"We were never detached. It's not possible to be objective during war. You can't be when someone's trying to kill you."
Sebastian Junger, co-director of the doc Restrepo, remembered his time embedded with the 173rd Battle Company in one of the most violent areas of Afganistan. Junger and co-director Tim Hetherington took 10 trips to the outpost, named Restrepo for a fallen soldier, and became very close to the men they were covering. They also shared the same level of danger during many firefights.
"One day they said 'do you want a grenade, because this isn't going to be a very good day," said Junger, who constantly worried about getting in the company's way. During one excursion, Hetherton broke his leg. Rather than compromise the position, he gritted his teeth and walked four hours downhill.
"Our biggest concern was slowing the group down, getting them killed," said Junger, who tore his Achilles tendon during the shoot. "We made sure they never had to take care of us."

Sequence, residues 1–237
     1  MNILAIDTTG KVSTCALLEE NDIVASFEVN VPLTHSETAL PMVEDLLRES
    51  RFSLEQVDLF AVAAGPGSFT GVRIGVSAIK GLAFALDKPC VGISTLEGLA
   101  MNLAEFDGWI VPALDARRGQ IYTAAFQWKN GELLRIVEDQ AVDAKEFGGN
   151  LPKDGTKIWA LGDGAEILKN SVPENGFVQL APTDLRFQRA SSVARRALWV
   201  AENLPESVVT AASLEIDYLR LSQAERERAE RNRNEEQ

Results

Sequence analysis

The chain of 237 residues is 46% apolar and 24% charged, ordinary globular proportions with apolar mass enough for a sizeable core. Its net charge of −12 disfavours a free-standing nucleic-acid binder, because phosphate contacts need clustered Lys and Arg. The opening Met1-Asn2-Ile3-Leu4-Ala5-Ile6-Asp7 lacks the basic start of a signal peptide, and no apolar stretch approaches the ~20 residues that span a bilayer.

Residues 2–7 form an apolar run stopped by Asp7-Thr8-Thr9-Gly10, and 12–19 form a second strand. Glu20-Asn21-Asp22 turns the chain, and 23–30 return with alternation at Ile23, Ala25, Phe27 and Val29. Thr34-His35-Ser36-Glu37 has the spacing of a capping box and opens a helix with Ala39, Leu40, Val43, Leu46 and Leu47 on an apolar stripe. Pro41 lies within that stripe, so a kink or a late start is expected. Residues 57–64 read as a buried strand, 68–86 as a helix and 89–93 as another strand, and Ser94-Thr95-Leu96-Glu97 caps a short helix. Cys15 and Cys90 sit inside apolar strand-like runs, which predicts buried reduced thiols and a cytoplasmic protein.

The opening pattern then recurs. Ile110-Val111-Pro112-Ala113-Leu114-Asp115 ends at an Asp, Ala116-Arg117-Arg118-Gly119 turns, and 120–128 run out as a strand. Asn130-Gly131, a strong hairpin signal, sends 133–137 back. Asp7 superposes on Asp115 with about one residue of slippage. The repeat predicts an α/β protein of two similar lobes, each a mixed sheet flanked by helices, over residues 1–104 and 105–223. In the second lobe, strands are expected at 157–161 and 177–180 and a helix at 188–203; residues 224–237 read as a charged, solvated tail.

Junger said everything about the doc is about the soldiers. Politics never came up because the men never talked about it. Junger is proud of how the doc became somewhat therapeutic after the soldiers' tour. The interviews were shot in Italy and served as a way for the soldiers to talk through their experiences. Later, the filmmakers flew in the soldiers to view a rough cut in New York, encouraging them to bring their spouses. "Seeing the footage of what happened to these men, the wives finally understood on a deeper level what they were going through," said Junger.